If you like your hot hatch cocktail shaken and stirred, invest in a Renault Megane RS
Both RS 300 and RS Trophy versions of the Megane have been under the surgeon’s knife, highlights Iain Robertson, in the process underscoring a pair of the most focused hot hatches sold and appreciated in the UK; Honda and Hyundai ought to pay heed.
While the ‘regular’ GTi class, headed notionally by the ubiquitous VW Golf, although overtaken recently, in my view, by the tempestuously brilliant BMW 128ti, retains a high popularity status, it needs to be stated that a more specialised ‘ultra-hatch’ exists for a limited number of players. In truth, I am getting too old, too grumpy and too critical to engage with the segment. I prefer my hatches to cosset but also to possess enough character and edge to entertain on demand.
Harsh damping and stiff springing are the unforgiving stuff of the weekend ‘track day’ fraternity. I am still willing to exercise the boy-racer within my psyche but only if I can arrive unruffled enough to enjoy sipping my G&T, without nervous ticks and raised core temperature. I liken it to the ‘JB007’ syndrome; plenty of action with crisp cotton and an impeccably neat knot in the tie.
In reality, there are only three main rivals for the ultra-hatch crown: Honda, Hyundai and Renault. The AMG45 Merc is an example of excess because it can. The Mountune Fiesta and even Focus, are really externally modified machines that are fortunate enough not to lose their Ford warranties. Peugeot does a hotter version of its 308 but it is much closer to the Golf GTi with its judicious packaging. I might have included the Golf R in this reckoning, were it not for the fact that it is far too teutonically gentlemanly and it relies on 4WD, as does the M135iX from BMW.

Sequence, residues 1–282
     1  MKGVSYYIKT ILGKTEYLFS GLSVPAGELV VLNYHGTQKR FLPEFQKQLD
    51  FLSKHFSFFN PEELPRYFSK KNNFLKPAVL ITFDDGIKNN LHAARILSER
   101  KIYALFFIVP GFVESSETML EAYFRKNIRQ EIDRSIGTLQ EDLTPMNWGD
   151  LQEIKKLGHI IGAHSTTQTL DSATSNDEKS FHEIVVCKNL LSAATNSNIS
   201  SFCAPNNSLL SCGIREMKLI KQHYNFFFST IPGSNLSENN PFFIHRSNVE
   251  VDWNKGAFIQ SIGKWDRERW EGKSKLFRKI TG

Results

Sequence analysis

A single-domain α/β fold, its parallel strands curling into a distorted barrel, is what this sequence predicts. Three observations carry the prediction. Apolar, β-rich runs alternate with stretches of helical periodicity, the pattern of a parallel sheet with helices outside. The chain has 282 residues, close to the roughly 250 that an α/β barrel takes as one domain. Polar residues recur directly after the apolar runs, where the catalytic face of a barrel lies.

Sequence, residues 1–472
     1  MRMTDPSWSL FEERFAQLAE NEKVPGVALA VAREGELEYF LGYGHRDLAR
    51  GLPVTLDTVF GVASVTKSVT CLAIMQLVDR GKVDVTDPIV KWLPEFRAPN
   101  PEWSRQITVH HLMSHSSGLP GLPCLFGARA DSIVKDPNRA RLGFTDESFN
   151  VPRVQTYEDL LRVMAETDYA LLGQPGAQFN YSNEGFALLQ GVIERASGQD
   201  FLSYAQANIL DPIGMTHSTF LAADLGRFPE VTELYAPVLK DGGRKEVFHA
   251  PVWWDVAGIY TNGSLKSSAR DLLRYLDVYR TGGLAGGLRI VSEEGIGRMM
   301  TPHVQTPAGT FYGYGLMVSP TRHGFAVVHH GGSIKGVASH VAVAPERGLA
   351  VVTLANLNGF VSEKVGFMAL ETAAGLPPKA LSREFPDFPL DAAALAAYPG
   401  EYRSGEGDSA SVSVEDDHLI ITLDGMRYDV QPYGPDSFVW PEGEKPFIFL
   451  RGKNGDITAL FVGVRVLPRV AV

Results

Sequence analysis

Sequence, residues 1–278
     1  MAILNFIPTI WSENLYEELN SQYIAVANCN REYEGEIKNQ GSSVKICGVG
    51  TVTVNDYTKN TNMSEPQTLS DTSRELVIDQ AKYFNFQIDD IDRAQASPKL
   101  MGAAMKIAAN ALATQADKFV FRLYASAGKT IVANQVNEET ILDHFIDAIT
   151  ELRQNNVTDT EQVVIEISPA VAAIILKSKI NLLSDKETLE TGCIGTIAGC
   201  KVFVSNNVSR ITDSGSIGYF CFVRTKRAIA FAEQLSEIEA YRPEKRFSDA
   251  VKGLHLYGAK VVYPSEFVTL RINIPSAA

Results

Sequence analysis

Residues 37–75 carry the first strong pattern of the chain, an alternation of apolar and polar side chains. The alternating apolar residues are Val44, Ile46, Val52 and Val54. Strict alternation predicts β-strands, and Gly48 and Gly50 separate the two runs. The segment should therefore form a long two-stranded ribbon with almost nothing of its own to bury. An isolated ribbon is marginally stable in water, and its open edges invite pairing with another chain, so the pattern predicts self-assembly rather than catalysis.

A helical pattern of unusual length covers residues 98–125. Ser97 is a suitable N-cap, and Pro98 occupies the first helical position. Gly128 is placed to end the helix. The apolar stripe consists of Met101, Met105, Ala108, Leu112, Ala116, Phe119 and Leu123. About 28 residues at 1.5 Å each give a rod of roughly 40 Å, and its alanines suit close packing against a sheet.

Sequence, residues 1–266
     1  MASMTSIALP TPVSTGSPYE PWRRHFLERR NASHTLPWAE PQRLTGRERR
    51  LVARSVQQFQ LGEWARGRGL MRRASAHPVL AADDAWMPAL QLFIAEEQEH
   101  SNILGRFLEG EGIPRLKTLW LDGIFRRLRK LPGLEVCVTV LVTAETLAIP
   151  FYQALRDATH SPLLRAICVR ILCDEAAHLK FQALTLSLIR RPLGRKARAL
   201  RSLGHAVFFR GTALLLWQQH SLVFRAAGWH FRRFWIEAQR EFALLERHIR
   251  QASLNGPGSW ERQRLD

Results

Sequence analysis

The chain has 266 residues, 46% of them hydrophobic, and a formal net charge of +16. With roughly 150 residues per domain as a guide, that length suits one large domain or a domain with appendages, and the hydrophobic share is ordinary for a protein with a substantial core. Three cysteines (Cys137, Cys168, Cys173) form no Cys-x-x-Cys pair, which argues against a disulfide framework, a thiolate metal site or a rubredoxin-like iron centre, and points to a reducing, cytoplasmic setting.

To qualify as an ultra-hatch, the car must rely on just one driven axle, front, or rear, through which at least 300bhp is channelled. However, every dynamic element, which includes brakes, steering, gearing (and the ’box itself), suspension and even weight distribution, must be honed to near race perfection and, as in the case of the Megane Trophy, even the precise specification. Weight paring is an important side show, which can involve thinner glazing, minimal sound deadening materials, skinny race-style seats but not necessarily the removal of the rears, as in the cliché-laden Mini GP, or even the installation of a partial roll-cage. Producing a seriously focused ultra-hatch involves lessons learned from the competition arena and there is absolutely zero space for compromise.
Renault (and both Honda and Hyundai, for that matter) can boast of a broad mix of top-end motorsport experiences. The rather special buyers of the more specialised models are honouring their favourite brand and its history, when making their choices. Renault has its finger on that pulse in ways that must anger its key mainstream rivals, because the RS tag was once the sole property of Ford Motor Company, a factor that it has squandered along with its sometime Number One status in the annual sales charts.